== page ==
***TROPICAL STORM WARNING & FLASH FLOOD WARNING IN EFFECT*** - Florence Tracker - UPDATED 5:42 PM, Friday, Sept. 14
As of 5:42 pm on Friday, September 14th most of our area is under a Tropical Storm Warning, Tornado Watch, Flash Flood Warning, and Flood Warning. Rainfall predictions, path predictions and more from the National Weather Service.
Flash Flood Warning
The National Weather Service in Newport has extended the
* Flash Flood Warning for...
Lenoir County in eastern North Carolina...
Duplin County in eastern North Carolina...
* Until 300 AM EDT Saturday.
* At 533 PM EDT, A rainband from Tropical Storm Florence will bring heavy rain to the warned area. Flash flooding is already occurring. The additional rain will exasperate ongoing flooding. The heavy rain will continue through the night with an additional 2 to 4 inches expected.
* Some locations that will experience flooding include...
Kinston, Wallace, Warsaw, La Grange, Mount Olive, Grifton, Beautancus, Kenansville, Chinquapin, Dawson, and Potters Hill.
Hurricane Local Statement
This product covers Eastern North Carolina
**DANGEROUS HURRICANE FLORENCE CONTINUES TO BRING LIFE-THREATENING STORM SURGE AND POTENTIALLY HISTORIC RAINFALL WITH CATASTROPHIC FLOODING TO PORTIONS OF EASTERN NORTH CAROLINA**
* CHANGES TO WATCHES AND WARNINGS:
- The Hurricane Warning has been cancelled and a Tropical Storm Warning has been issued for Carteret, Craven, Duplin, Jones, Onslow, and Pamlico
- The Storm Surge Warning and Tropical Storm Warning have been cancelled for Martin
- The Tropical Storm Warning has been cancelled for Mainland Dare, Tyrrell, and Washington
* CURRENT WATCHES AND WARNINGS:
- A Tropical Storm Warning is in effect for Duplin, Greene, and Lenoir
- A Storm Surge Warning and Tropical Storm Warning are in effect for Beaufort, Carteret, Craven, Jones, Mainland Hyde, Onslow, Outer Banks Dare, Outer Banks Hyde, Pamlico, and Pitt
- A Storm Surge Warning is in effect for Mainland Dare, Tyrrell, and Washington
* STORM INFORMATION:
- About 200 miles west-southwest of Buxton NC or about 120 miles west-southwest of Morehead City NC
- 34.0N 78.6W
- Storm Intensity 70 mph
- Movement West or 270 degrees at 3 mph
Tropical Storm Florence continues to creep generally westward across far southern North Carolina. Life threatening impacts from Florence, including extreme storm surge, catastrophic and possibly historic flooding rains, and damaging winds continue. The very slow westward motion of Florence will prolong these dangerous conditions into Saturday.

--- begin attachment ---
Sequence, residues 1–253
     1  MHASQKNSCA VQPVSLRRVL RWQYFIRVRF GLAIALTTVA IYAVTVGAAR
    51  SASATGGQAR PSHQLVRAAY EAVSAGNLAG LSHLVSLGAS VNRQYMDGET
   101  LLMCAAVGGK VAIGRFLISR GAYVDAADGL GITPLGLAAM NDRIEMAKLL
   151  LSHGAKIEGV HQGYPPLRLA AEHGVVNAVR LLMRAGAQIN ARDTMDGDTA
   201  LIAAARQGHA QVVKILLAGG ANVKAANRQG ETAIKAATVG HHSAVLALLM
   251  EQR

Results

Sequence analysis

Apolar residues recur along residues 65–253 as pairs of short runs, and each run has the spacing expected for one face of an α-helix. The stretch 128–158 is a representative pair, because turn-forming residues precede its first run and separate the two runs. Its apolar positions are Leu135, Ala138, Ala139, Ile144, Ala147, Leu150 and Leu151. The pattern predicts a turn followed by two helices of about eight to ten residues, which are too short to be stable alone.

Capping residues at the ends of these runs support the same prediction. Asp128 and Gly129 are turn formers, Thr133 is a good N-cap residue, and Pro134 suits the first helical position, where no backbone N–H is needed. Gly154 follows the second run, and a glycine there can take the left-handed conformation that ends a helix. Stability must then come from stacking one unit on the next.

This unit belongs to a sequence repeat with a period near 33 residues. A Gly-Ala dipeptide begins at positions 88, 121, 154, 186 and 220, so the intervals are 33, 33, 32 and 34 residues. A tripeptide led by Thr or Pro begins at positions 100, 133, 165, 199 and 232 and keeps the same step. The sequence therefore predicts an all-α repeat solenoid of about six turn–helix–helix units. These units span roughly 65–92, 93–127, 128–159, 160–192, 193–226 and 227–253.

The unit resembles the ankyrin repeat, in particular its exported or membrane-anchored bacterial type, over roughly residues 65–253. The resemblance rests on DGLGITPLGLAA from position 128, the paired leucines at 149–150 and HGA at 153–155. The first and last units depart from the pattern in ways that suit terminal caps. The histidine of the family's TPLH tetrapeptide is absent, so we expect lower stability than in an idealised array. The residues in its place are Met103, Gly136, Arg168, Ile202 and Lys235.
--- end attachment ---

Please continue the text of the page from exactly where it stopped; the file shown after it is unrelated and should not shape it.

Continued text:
Extreme storm surge impacts will continue with Tropical Storm Florence. Inundation of up to 7 to 11 feet above ground with locally higher amounts will continue for waterways along the western side of the Pamlico Sound and in the upper tidal reaches of the Neuse, Pamlico, Pungo, and Bay Rivers. Hundreds of water rescues have already occurred. Significant storm surge will also continue for areas south of Cape Lookout, southern portions of the Albemarle sound and along the Outer Banks south of Rodanthe.
The potential for historic flooding continues across southeastern North Carolina due to the prolonged period of heavy rainfall. The area has received as much as 10 to 20 inches over the last 24 hours, and additional rainfall amounts of 1 to 2 FEET are possible through the weekend. Highest rainfall totals are expected across the southern half of the area. These rainfall amounts will likely cause catastrophic flash flooding, followed by significant and prolonged river flooding lasting well into next week.
Major to potentially record river flooding is expected for rivers and streams primarily over Duplin, Onslow, Carteret, and Craven Counties where the heaviest rain is likely to fall. Elsewhere all other rivers and streams are vulnerable to moderate or major flooding with this storm. Flooding of rivers and creeks will continue to rise well into next week. Given the generally slow rise of area rivers, most won`t crest until mid to late next week extending the impacts from this long duration flood event.
Tropical storm force winds will continue across the southern portion of the area, with the strongest winds occurring in rainbands. The saturated ground and long duration of high winds will continue to bring down trees and lead to widespread power outages.
The threat for tornadoes will continue today across the area, with the greatest threat along coastal areas of eastern North Carolina. Very dangerous marine conditions, with extreme seas of 15 to 25 feet, will continue into the weekend, especially south of Cape Hatteras. Large surf will lead to continued large and dangerous breaking waves, coastal erosion, and an elevated threat for rip currents.